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Kicking-Off Development of Zambia’s Immunization Registry

By Dawn Seymour, Technical Advisor, BID Initiative

Nov 18, 2015

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Auxillia Mbebe and Sister Mwape of Linda Clinic answer questions from Markus Bekken about clinical workflows and data challenges in immunization. Photo:  Fred Njobvu.

Auxillia Mbebe and Sister Mwape of Linda Clinic answer questions from Markus Bekken about clinical workflows and data challenges in immunization. Photo: Fred Njobvu.

In September 2015, Zambia’s Ministry of Health and the BID Initiative selected the University of Oslo (UiO) as its partner to build a national immunization registry. Recently, members of the Zambia and global BID Initiative teams met with UiO’s technical team to learn more about user requirements for the immunization registry.

The five-day meeting in Livingstone provided an opportunity for the UiO team to better understand the detailed workings of Zambia’s immunization program from the national to community level. Productive discussions engaged key national, provincial, facility, and community-level stakeholders within EPI, as well as global partners working in areas such as birth registration, which touches on immunization data.

Throughout the meeting, we learned about the current landscape of birth registrations, immunizations and reporting in Zambia. Teams also visited four facilities in Livingstone District to walk with and learn from nurses when, where, and how birth registrations occur, immunizations are given, outreach is conducted, and immunization stock is managed at the facility level.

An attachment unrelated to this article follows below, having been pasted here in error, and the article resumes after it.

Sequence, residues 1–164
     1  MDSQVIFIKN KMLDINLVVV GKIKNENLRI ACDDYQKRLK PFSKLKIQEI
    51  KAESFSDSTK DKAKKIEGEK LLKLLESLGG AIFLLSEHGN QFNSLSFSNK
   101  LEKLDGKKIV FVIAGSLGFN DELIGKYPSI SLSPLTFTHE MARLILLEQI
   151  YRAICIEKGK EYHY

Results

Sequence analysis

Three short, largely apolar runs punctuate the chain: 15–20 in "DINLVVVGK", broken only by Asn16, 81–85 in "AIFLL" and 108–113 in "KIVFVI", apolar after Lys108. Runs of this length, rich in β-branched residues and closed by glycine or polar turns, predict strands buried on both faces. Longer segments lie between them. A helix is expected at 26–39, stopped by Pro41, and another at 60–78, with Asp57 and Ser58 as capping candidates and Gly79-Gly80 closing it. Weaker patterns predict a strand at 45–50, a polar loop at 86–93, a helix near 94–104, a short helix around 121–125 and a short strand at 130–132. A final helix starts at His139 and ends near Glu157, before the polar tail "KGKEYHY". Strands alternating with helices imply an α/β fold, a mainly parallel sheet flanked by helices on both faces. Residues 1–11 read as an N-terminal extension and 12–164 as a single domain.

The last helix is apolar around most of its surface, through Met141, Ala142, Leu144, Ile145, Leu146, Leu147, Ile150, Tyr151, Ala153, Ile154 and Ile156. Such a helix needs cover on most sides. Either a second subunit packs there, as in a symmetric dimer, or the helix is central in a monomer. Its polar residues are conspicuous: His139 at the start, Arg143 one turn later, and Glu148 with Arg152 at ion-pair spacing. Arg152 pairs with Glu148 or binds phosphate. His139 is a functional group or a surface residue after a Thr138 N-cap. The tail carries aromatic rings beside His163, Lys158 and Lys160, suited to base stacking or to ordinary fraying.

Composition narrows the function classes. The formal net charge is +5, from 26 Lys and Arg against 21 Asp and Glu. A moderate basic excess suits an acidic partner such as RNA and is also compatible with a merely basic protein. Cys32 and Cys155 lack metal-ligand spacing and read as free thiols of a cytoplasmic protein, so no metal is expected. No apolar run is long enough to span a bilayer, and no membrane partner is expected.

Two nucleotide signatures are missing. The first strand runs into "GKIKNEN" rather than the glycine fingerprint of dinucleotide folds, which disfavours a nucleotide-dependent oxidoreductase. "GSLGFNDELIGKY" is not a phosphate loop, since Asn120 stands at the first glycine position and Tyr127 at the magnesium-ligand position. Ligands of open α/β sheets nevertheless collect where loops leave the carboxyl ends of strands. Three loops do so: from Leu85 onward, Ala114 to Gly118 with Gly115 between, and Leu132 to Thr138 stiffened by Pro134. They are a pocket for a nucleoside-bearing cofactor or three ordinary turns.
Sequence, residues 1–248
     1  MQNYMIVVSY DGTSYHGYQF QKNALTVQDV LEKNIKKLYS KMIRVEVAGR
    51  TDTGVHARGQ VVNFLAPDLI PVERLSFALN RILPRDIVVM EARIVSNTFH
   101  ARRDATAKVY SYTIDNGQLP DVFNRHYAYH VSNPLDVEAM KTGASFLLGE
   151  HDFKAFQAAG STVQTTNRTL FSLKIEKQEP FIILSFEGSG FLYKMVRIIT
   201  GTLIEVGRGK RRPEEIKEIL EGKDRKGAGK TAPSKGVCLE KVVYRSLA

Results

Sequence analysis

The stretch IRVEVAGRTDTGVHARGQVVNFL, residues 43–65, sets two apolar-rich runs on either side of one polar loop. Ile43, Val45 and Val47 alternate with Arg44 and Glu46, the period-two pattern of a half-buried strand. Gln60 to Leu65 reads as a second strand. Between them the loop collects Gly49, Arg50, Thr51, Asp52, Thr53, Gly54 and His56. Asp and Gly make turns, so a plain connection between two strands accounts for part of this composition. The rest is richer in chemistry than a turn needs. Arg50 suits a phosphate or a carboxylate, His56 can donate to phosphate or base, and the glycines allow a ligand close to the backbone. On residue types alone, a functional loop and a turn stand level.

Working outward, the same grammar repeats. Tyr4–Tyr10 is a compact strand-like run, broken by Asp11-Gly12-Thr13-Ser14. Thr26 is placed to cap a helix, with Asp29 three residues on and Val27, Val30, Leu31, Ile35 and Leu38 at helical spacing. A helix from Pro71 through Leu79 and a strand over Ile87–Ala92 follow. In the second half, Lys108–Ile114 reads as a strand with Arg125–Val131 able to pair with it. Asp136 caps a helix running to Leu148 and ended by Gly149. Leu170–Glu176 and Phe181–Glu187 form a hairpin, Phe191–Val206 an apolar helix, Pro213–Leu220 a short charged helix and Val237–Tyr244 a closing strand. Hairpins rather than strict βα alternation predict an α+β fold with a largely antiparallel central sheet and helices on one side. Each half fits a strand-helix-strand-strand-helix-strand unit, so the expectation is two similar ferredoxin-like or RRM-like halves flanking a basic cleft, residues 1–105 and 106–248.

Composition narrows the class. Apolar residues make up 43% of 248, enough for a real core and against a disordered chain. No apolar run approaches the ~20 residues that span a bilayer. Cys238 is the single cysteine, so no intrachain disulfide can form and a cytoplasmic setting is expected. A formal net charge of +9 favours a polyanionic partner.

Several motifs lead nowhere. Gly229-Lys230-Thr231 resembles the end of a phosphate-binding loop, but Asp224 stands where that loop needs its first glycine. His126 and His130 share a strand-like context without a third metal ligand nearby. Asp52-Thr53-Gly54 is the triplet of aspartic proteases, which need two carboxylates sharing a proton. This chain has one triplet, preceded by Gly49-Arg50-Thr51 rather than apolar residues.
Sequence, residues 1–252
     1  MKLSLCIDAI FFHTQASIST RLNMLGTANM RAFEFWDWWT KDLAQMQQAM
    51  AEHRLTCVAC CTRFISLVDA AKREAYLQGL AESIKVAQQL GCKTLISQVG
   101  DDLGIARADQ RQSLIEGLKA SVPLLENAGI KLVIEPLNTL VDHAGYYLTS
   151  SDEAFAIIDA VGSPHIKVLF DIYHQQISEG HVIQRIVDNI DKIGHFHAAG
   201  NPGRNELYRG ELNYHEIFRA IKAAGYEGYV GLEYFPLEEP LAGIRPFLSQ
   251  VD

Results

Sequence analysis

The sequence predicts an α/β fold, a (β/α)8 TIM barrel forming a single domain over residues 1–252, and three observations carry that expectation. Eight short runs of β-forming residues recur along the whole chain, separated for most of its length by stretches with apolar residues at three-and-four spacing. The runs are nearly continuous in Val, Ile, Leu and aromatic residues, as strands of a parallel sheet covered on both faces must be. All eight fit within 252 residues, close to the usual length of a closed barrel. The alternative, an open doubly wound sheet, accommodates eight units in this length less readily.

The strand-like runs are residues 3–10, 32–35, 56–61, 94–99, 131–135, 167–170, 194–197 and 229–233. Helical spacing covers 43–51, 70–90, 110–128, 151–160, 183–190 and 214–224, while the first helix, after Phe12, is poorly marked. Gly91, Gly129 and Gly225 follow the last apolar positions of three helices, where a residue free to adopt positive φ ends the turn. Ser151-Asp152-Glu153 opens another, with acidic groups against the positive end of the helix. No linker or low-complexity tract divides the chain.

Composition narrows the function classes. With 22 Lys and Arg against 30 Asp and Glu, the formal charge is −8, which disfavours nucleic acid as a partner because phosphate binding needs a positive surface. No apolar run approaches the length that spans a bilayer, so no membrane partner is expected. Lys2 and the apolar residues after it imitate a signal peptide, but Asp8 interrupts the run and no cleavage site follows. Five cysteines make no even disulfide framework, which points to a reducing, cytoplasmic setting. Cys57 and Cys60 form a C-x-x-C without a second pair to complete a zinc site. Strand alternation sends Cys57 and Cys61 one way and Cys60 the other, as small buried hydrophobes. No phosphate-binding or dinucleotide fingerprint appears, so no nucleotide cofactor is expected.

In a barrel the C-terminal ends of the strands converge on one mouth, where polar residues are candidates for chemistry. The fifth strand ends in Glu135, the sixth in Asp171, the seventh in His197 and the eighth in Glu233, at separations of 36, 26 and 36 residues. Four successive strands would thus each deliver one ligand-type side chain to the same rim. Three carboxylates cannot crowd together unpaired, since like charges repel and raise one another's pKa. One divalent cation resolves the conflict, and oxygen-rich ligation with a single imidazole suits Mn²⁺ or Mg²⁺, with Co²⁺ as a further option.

Mulenga Malata of Simoonga Clinic explains to Markus Bekken of UiO what immunization data nurses capture in the child health card. Photo: Fred Njobvu.

Mulenga Malata of Simoonga Clinic explains to Markus Bekken of UiO what immunization data nurses capture in the child health card. Photo: Fred Njobvu.

Meeting attendees also began developing user stories based on where they participate in the health system: national, provincial, district, and facility. These user stories break down the requirements into the smallest functionalities for developers to understand what various participants in immunization–caregivers, nurses, data managers–need from the registry.

Each group worked to fill in the blanks for a standard narrative: As a [insert role such as provider] I want to [function] so that I can [list of benefits]. One story read, “As a facility health worker I want to work with a centralized registry that contains only one record per child so that I can access complete and updated information for each child, even if they received services in another facility.” Another person wrote, “As a health manager I want to have access to a dashboard that is tailored to my information needs so that I can give better feedback to my health facilities.”

The kick-off meeting now sets in motion system development for the immunization registry. The process will include a shared road map with two-week sprints of focused work to build the user requirements into the registry. Several showcases will happen along the way for users to view, test, and provide feedback on the registry. A beta version of the immunization registry is slated for rollout in the Southern Province Q2 2016.

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